Thanks.
Mike
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wrote:

Consider a power planer and shave the middle of the door a bit. Make sure nails are out, before you try it. Might be easier than a circular saw.
YMMV.
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My first thought was to tack a 1 X 3 along the bottom to give a flat, level edge that meets the floor along the whole width.
Paul
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wrote:

If the floor is flat, lay a 2X3 on the floor and scribe a line that follows the line of door bottom, then cut the lumber to follow the curve, Glue and screw it to the bottom of the door, and the rubber seal to it.

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On Dec 8, 5:04pm, snipped-for-privacy@snyder.on.ca wrote:

It's hard to believe that both sides of the door are higher, every case I have seen where this has occurred is where the weight of the walls on the side of the floor depress the sides of the floor and the middle is higher. If the center of the door is sagging, then a couple of wire ropes from the sides of the bottom panel to the top center of the same panel will return the panel to square.
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wrote:

What you say is true - the middle of the door touches the floor leaving both sides of the door about a 1/2 inch off the floor. Is the floor straight? I can't say with certainty, but either the floor is sagging near the edges of the door, or the door is getting warped. I'm just looking for a short-term fix to keep the rodents out for now.
As for the poster who suggested this -

What would be the best way to scribe the line? Perhaps clamp the 2x3 alongside the partially open door, trace the shape of the bottom of the door and then cut? I like this idea. Sounds more like something I could do (unlike planing off the bottom of the door).
Thanks again, everyone!
Mike
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wrote:

That is correct. The reason the door is "bowed" is because it is only supported on the ends, and the weight of the main styles, and the rest of the door, pushes down in the center. In warm weather, soaking the door and then closing it onto a center support with the spring tension off will TEND to straighten the door, but it won't last. On the doors at a garage where I once worked we put 2X6 steel angle on the bottom of the door to keep it from bending - it has a pretty powerfull electric door opener on it so the weight was not a huge issue (over 100 lbs though!!!!!)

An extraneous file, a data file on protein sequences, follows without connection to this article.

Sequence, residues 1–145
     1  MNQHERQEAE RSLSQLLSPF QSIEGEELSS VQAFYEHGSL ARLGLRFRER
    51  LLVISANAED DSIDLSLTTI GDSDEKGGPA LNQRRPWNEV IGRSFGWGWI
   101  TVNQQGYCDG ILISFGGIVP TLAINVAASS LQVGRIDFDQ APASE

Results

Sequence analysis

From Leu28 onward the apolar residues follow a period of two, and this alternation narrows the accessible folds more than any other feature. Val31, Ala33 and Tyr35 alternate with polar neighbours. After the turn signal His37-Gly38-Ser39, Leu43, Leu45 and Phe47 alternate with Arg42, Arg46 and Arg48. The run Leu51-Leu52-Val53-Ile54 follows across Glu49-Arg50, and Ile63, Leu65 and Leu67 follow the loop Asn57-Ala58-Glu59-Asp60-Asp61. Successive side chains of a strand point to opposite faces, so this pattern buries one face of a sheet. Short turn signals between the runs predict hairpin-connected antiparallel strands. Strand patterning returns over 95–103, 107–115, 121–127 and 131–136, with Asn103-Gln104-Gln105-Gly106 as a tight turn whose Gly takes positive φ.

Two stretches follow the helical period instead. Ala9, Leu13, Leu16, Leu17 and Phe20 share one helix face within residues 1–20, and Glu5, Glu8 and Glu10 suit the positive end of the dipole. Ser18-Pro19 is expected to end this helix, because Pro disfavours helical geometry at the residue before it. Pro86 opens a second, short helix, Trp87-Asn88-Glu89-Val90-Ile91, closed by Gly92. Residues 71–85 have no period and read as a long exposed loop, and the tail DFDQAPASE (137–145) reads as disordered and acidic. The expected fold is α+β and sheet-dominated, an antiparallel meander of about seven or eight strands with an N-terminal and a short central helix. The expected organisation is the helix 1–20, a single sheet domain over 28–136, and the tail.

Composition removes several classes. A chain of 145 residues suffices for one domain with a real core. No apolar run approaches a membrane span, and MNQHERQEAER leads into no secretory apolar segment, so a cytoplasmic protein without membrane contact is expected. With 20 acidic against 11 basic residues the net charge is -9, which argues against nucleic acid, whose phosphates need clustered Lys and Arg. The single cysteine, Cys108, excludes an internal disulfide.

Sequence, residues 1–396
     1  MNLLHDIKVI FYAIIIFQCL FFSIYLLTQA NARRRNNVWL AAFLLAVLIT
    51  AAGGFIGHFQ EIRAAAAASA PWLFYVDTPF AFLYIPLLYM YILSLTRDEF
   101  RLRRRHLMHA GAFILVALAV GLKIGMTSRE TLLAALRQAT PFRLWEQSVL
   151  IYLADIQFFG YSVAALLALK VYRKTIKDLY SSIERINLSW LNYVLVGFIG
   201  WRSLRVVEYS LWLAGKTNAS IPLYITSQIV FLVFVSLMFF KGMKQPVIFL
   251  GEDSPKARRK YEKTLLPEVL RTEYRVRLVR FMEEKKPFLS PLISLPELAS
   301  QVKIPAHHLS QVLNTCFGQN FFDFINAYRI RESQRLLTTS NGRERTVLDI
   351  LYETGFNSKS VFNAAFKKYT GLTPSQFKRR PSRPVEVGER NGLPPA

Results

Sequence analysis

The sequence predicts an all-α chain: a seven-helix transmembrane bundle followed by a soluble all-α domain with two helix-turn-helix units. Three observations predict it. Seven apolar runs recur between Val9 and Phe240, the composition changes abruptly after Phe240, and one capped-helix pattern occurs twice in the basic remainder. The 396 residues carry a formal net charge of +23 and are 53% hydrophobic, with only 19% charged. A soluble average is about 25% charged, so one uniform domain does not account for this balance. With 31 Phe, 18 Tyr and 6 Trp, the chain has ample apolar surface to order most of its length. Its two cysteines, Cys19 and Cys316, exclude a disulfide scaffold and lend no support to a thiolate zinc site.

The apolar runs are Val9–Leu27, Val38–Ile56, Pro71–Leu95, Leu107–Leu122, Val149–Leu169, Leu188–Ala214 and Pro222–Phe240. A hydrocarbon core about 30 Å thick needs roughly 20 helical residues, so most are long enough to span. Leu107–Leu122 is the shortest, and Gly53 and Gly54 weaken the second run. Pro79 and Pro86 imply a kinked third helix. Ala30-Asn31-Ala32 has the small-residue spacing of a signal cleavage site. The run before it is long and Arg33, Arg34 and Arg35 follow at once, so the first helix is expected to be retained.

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hr(bob) snipped-for-privacy@att.net wrote: (snip)

Every case of a garage floor with a hump in the middle that I have ever seen, is due to frost heave. Very common on cookie-cutter houses where builder cheaped out and didn't put any footings under the front edge of the garage slab, and water got under it an froze. Usually very easy to see with naked eye, and may even go up and down with the seasons. Are there any cracks in floor, even in the molded-in expansion lines? Unless the walls were built on the slab (bad technique), there is no way for the walls to push the slab down. In a properly built garage, the slab rests on ledges on the inside of the footer, similar to the brick ledges on the outside of the foundation of a brick-skinned house.
I'd almost bet the floor does have a hump in the middle, or the door panels are sagging in the middle. OP is just lucky the tracks have stayed parallel, so the door still opens and closes. A hump or a sag this small may not be eyeball apparent. A long straightedge, or a couple blocks and some tightly-stretched string, and some large marbles, could quickly tell a tale one way or the other. As a cheap temporary work-around, the scribed 2x3 screwed to bottom of door is a safe reversible way to go.
-- aem sends...
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Mine shows light due to floor settling. I've built up with a quick set cement. Does not look bad and car does not break it.
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Mike wrote:

Why do you care?
If you're developing film in the garage, take a look at the new digital cameras.
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It's not the light I'm trying to keep out, it's the small animals that can get under there.
Mike
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wrote:

Just scattering a few moth balls will do more to fix the problem. Just a few.
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Mike wrote:

Ah! Okay, then.
Think cat.